In July 2022, inflation in Britain hit 10.1 percent – the highest it had been in 40 years – and the value of the pound against the dollar nose-dived. To try to reduce inflation, then Prime Minister Liz Truss proposed a series of tax cuts. However, these tax cuts would cost the British government more than 150 billion dollars.
•In July 2022, inflation in Britain hit 10.1 percent – the highest it had been in 40 years. This, combined with a low pound value against the dollar, caused many investors to pull their money out of Britain.
• Prime Minister Boris Johnson resigned due to the economic chaos, and was replaced by Liz Truss.
• Truss based her campaign on two things: major tax cuts, and capping energy bills. However, these two moves would actually increase inflation instead of lowering it as she intended.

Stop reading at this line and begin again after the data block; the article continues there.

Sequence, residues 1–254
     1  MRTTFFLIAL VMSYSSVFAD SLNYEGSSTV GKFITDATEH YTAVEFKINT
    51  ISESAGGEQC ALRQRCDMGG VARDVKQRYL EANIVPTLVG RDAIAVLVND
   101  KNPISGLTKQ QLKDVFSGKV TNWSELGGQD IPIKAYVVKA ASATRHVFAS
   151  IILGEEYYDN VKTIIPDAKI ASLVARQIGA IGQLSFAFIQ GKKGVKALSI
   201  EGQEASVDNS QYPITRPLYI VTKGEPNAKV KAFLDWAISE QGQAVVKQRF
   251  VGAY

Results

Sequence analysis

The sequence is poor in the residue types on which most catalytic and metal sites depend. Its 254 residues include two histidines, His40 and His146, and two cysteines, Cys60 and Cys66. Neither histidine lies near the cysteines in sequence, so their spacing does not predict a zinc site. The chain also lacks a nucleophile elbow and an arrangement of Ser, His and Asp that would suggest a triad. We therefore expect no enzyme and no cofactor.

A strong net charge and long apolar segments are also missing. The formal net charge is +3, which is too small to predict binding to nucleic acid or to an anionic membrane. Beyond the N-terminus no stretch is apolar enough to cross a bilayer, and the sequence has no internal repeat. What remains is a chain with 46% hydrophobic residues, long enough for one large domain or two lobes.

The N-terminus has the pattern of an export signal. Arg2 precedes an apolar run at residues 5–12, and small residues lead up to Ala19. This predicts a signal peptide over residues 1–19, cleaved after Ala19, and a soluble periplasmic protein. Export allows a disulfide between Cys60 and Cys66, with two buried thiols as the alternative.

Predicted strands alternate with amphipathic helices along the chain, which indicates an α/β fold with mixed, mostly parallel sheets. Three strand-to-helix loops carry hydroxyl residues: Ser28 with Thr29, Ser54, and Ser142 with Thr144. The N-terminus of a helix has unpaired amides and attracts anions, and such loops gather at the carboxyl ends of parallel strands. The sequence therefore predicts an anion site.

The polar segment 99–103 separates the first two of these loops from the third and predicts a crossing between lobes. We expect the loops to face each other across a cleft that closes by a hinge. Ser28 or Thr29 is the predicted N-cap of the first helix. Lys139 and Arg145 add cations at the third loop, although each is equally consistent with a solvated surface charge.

In September 2022, just 18 days after Truss became prime minister, investors started selling their British investments en masse. The result was a run on the pound, with the currency losing more than 20 percent of its value against the US dollar in a matter of days.
With inflation spiraling out of control and the economy in freefall, Truss was forced to resign. Her successor, John McDermott, quickly abandoned her tax cuts and instead introduced a package of austerity measures that included raising taxes and cutting government spending.
The measures were successful in bringing inflation down to 2.4 percent by the end of 2023. However, they came at a heavy political price; McDermott’s party was voted out of power in 2024 after just one term in office.
So what can we learn from this? That unchecked inflation can be damaging to an economy, but aggressive measures to bring it under control can also be politically toxic. It’s a delicate balancing act that central banks and governments have to walk every day.